QOTD: Taking the Short Way Home?
One of your author’s biggest pet peeves is the complete lack of confidence some drivers have in their own abilities — and that of their vehicle. It’s an odd thing, as these days the rolling stock on any street or highway consists mainly of car-based CUVs outfitted with increasingly capable all-wheel drive systems.
You’d think these drivers would show a little less trepidation when the weather turns bad — after all, they bought that particular vehicle for a reason — but no. After a recent, fairly heavy dump of the white stuff, the irksome observations began all over again. But an incident last night revealed the one thing that seems capable of motivating such drivers into taking action and using their vehicle to its full, confidence-inspiring potential: frustration.
Driving back from the store, traffic on the four-lane arterial came to a dead halt. One minute became two, then three. What gives?
The roadblock came in the form of a car carrier angled across the roadway; trailer blocking both lanes, tractor stuck on the wide, snowy median, nose protruding into opposing traffic. Traction wheels spun uselessly in the densely packed snow. Exactly what this driver was attempting to do when he got stuck, a hundred yards from the nearest intersection, is a mystery to me; the boys standing outside the adjacent GM dealership seemed similarly perplexed.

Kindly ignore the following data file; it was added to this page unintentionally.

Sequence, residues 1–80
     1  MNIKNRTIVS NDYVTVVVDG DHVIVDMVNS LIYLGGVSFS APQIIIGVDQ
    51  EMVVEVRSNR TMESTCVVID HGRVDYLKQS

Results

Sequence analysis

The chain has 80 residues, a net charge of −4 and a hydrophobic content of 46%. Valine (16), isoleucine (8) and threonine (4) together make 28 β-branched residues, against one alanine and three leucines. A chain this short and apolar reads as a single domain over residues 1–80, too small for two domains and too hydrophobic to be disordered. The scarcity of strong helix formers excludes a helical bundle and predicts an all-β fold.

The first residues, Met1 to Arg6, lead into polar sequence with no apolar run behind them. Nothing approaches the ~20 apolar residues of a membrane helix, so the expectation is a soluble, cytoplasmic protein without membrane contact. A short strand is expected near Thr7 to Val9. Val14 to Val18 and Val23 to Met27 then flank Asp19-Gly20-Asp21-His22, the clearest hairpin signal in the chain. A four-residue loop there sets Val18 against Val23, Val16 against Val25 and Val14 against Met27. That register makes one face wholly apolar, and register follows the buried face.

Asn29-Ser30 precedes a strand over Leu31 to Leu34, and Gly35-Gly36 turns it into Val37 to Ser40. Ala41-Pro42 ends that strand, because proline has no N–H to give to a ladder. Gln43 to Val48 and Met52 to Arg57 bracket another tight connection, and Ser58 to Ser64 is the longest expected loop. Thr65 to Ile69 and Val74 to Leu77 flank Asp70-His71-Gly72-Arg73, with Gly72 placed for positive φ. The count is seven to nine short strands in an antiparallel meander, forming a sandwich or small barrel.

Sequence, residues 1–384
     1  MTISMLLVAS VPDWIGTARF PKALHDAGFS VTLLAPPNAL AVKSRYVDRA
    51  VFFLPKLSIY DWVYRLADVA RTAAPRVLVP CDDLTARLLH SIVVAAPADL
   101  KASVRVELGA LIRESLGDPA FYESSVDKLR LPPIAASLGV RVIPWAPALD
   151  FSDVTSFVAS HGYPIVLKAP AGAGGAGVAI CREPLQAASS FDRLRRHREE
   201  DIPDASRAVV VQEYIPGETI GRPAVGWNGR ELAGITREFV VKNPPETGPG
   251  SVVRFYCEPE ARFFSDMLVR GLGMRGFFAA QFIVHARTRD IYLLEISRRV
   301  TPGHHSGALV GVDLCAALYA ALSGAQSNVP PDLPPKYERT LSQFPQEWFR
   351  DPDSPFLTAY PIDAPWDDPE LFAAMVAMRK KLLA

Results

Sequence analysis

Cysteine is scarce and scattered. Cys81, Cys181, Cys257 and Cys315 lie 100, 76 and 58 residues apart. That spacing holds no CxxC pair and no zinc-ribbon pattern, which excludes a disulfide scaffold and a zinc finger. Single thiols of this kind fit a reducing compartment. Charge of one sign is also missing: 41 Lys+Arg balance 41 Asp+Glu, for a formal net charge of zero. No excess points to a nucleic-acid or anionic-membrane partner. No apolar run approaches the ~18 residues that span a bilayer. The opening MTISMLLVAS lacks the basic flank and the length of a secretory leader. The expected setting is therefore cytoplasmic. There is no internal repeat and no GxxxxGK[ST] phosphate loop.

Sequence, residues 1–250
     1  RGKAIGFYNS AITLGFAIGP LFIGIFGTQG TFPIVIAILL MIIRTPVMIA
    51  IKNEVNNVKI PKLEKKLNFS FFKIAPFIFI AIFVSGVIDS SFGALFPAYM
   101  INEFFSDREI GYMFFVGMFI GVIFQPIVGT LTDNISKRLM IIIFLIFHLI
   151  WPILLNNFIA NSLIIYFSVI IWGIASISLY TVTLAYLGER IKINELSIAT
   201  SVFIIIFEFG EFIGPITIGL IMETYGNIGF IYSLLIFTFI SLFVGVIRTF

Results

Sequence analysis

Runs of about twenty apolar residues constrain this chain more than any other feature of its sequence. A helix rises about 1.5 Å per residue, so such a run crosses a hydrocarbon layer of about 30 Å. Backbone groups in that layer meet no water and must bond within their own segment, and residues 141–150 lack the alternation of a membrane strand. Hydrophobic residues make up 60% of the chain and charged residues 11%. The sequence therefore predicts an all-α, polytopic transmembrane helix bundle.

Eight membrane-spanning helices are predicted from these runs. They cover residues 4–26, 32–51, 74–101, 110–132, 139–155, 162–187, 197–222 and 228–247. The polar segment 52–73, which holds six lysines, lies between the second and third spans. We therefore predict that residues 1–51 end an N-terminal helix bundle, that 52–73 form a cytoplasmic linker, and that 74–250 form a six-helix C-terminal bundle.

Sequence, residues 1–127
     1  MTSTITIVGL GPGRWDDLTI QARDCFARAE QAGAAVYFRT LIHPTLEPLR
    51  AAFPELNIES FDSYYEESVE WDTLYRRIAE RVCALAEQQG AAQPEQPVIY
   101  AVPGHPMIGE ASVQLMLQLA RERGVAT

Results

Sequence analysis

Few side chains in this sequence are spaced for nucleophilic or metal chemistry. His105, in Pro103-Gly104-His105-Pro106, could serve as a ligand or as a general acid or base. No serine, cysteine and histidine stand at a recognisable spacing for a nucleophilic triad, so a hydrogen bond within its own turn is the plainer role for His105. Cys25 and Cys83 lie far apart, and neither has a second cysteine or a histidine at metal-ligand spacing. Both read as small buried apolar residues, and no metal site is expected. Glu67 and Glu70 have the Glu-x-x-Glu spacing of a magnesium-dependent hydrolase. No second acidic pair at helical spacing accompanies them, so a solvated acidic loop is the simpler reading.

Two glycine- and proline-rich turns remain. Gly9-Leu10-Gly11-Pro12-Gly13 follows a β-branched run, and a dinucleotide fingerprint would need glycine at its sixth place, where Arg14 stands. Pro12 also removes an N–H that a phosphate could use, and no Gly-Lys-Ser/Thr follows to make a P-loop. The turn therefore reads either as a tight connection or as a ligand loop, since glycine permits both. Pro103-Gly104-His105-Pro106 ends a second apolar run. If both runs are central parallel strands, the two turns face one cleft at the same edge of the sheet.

As the driver of a compact car, clearly, I was going nowhere. Not so with the drivers around me, many of whom sat behind the wheels of ubiquitous AWD crossovers. After politely staying put for a few more minutes, the situation soon became intolerable; getting a suitable tow rig to this locale was taking a long time, and the operation to extract the semi couldn’t take place without a cop to shut down the oncoming lanes. So, these drivers finally did the thing most CUVs avoid their entire lives: they went off-roading.
The first to mount curb and tackle the snow (which sat atop a nice layer of ice) was a Toyota Highlander. Kids clearly needed to be fed somewhere. Others drivers followed, giving their rear differentials a long-avoided workout. Maybe now they’ll be more confident in their daily driver, no longer creeping around corners at glacial speeds or undercutting speed limits by half just because two flakes fell from the sky.
On interstate medians and near interchanges, muddy tire tracks through the grass make it clear that nicely maintained blacktop isn’t the only way to get around in the city.
Have you ever had to call upon your own grit — and your vehicle’s brawn — to reach an urban destination in an avant-garde (and likely less than legal) manner? If not, have you seen someone else pull off a ballsy move that ended in success?
[Image: Chris Tonn/TTAC]
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